The ground-breaking roots of rapper/producer E-A Ski trace back deep within the concrete history of Bay Area music; you can find the musical fingerprints of E-A Ski with rapper Spice 1 before (and during) his time with Jive Records in the 90s.
E-A Ski produced three tracks off of Spice 1’s self-titled debut album while signed to the record label, and contributed another four beats to the California spitter’s sophomore follow-up, <em>187 He Wrote</em>, both of which went Gold.
Continuing to solidify the strength of his production work with Spice 1, the E-A Ski-produced “Trigga Gots No Heart” was also featured in the <em>Menace II Society</em> film, as well being released as a single (with video) for promotion for the now classic Hughes Brothers film. The <em>Menace II Society</em> soundtrack is a platinum-certified album.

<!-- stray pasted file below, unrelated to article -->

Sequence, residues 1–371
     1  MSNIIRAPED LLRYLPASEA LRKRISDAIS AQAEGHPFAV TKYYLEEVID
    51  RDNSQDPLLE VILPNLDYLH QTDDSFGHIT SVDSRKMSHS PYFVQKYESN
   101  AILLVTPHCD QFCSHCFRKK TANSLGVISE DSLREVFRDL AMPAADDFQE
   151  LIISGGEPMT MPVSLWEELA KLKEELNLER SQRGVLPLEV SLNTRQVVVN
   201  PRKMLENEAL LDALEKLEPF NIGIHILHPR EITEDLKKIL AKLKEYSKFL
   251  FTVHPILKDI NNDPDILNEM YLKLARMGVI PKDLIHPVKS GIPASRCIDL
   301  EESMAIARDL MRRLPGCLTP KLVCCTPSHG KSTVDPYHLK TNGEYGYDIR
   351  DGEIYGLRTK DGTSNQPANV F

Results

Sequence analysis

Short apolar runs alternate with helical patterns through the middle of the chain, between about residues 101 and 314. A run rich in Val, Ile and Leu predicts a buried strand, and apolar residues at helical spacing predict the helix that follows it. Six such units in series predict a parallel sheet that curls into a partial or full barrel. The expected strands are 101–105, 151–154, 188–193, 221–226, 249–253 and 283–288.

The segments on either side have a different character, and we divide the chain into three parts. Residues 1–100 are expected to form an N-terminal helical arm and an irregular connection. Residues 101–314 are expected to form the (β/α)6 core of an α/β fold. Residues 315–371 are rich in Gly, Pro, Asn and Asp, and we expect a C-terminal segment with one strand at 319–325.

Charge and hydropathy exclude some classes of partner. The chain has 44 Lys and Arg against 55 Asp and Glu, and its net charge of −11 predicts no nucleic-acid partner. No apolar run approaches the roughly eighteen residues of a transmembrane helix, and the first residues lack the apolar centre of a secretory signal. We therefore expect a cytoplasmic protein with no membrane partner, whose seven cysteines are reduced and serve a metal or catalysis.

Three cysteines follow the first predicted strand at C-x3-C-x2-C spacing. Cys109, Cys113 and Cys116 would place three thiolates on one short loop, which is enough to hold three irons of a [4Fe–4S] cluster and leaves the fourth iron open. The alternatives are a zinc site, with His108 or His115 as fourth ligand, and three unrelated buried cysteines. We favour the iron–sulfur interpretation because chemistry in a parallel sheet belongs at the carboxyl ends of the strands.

In addition, the famed producer was also heavily instrumental in Master P’s early success with No Limit Records, where as an original one-fifth member of No Limit’s TRU — along with P, King George, Big Ed, and Rally Ral — E-A Ski released <em>1 Step Ahead of Y’all</em> through In-A-Minute/No Limit in 1992.
Looking ahead and fresh off the presentation of the Okanagan 2010 Film Festival Award-winning short film <em>No Problems</em>, which features actor Danny Glover, E-A Ski and his I.M.G.M.I. imprint will be putting out several upcoming projects like his latest solo album titled 5th of Skithoven, which is set to feature original, new music from the storied producer, as well as boasting appearances from Ice Cube, Freeway, Locksmith, Techn9ne and others. The video to the lead-single “Please,” featuring west coast heavyweight Ice Cube, is currently being played in heavy rotation, garnering over 100,000 views on youtube within the first two weeks of its release.
XXL.com sat down with the iconic Mr. Ski to discuss his current, Ice Cube-assisted video, his thoughts on being considered the “Dr. Dre of the Bay”, why Interscope wouldn’t clear his song “Dr. Dre & Mr. Ski” back in 1996, his upcoming album and more.—Chad Kiser